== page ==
The Centre for Connected & Autonomous Vehicles is a joint policy unit. It was set up by the Department for Business, Energy & Industrial Strategy and the Department for Transport.

It said: “The aim of CCAV is to help ensure that the UK is a world leader in developing and testing connected and autonomous vehicles.”

Applications closed last week.

In March 2016, then Chancellor George Osborne said that connected cars would be tested on UK motorways by the end of 2017.

Highways England said it had a budget of £150m as part of its innovation strategy which included trials of connected cars.

Between July and September the UK Government ran a consultation on Advanced driver assistance systems and automated vehicle technologies: supporting their use in the UK. The Government is analysing the feedback and will report soon here.

The Korea driverless 5G Trial

The 5G trial in Korea tested ultra-low latency communication between vehicles or the vehicle and its environment. SK Telecom worked with BMW Group Korea to install 5G terminals within two BMW vehicles.

SK Telecom has demonstrated T5’s capability to observe road conditions enabled by state-of-the-art video recognition camera installed within the vehicle so as to provide notifications and assisted-driving to drivers.

In addition, the company has transmitted, in real time over the 5G network from the device to the network (i.e., uplink), ultra-high-definition (UHD) video taken by 4K cameras and a 360-degree camera installed both inside and outside of the vehicle to the control center.

SK Telecom has also introduced a 5G-based virtual reality bus (named ‘5G Experience Bus’). Equipped with large screen displays, an audio system and state-of-the-art video cameras to provide augmented/virtual reality multimedia, 5G Experience Bus provides passengers with immersive media experience while on the move.

“5G will offer much more than just faster data speeds. It will serve as a true enabler for a whole new variety of powerful services that deliver unprecedented value to customers,” said Alex Jinsung Choi, the CTO and Head of Corporate R&D Center of SK Telecom. “Today’s demonstration of 5G-based connected car technologies marks the very first step towards achieving fully autonomous driving in the upcoming era of 5G.”

Intel inside driverless

This week also saw Intel Capital target $250m of additional investment in connected vehicle technology over the next two years to make fully autonomous driving a reality.

Intel CEO Brian Krzanich (from left), Chairman of the Board of Management of BMW AG Harald Krüger and Mobileye Co-Founder, Chairman and CTO Professor Amnon Shashua speak at a news conference in Munich, Germany, on Friday, July 1, 2016.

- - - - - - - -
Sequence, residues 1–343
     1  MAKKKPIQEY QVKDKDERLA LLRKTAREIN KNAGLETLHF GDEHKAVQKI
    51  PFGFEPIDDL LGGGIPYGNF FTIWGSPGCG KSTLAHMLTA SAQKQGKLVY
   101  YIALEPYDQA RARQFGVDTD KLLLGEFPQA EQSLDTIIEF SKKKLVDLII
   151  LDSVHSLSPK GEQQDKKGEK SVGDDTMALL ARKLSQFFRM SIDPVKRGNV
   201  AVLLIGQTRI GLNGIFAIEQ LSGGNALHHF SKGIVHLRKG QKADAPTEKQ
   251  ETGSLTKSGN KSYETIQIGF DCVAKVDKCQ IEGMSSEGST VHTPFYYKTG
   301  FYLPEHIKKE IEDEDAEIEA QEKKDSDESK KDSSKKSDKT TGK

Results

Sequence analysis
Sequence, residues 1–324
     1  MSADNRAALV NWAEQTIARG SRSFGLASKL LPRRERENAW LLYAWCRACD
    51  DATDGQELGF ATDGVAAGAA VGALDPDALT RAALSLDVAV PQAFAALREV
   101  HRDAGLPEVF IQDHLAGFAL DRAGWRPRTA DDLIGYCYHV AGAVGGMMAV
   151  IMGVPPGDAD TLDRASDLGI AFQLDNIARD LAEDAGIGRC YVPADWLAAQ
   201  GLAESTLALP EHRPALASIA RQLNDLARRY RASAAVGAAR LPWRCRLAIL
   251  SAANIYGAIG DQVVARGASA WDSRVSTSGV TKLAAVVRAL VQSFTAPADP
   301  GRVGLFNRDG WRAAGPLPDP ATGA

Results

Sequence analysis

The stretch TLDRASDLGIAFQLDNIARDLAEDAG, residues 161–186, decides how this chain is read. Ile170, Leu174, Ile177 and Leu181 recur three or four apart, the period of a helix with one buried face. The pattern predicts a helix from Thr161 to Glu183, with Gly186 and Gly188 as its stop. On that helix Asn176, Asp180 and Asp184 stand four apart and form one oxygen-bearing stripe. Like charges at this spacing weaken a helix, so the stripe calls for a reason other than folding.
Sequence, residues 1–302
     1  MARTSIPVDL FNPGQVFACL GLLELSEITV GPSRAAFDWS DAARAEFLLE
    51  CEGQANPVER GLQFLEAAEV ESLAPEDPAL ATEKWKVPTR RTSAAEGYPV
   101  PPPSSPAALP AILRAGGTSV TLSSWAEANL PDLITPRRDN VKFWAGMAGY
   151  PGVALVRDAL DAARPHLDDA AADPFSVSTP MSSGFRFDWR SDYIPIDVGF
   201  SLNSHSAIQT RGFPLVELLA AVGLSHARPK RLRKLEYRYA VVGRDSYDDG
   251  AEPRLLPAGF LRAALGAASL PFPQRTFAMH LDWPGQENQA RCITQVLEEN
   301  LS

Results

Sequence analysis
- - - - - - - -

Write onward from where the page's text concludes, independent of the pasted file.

Intel CEO Brian Krzanich (from left), Chairman of the Board of Management of BMW AG Harald Krüger and Mobileye Co-Founder, Chairman and CTO Professor Amnon Shashua speak at a news conference in Munich, Germany, on Friday, July 1, 2016.

This Intel CEO Brian Krzanich said in his blog: “Today, we think we live in a world flooded with data, but compared to the future, today’s amount of data is relatively small. In 2016, the average person generates 650MB of data a day – through use of their PCs, mobile phones and wearables. By 2020, projections show that the average person will generate 1.5GB of data a day. That’s an impressive 200 percent increase in less than four years – but it pales in comparison to what we’re about to see in autonomous vehicles.”

“In an autonomous car, we have to factor in cameras, radar, sonar, GPS and LIDAR – components as essential to this new way of driving as pistons, rings and engine blocks. Cameras will generate 20-60 MB/s, radar upwards of 10 kB/s, sonar 10-100 kB/s, GPS will run at 50 kB/s, and LIDAR will range between 10-70 MB/s. Run those numbers, and each autonomous vehicle will be generating approximately 4,000 GB – or 4 terabytes – of data a day.”

Every autonomous car will generate the data equivalent of almost 3,000 people. Extrapolate this further and think about how many cars are on the road. Let’s estimate just 1 million autonomous cars worldwide – that means automated driving will be representative of the data of 3 billion people.”

In September this year Audi AG, BMW Group, and Daimler AG have teamed up with Ericsson, Huawei, Intel, Nokia and Qualcomm to announce the formation of the 5G Automotive Association.

The 5G driverless car road race is on and the slow lane is not the place to be.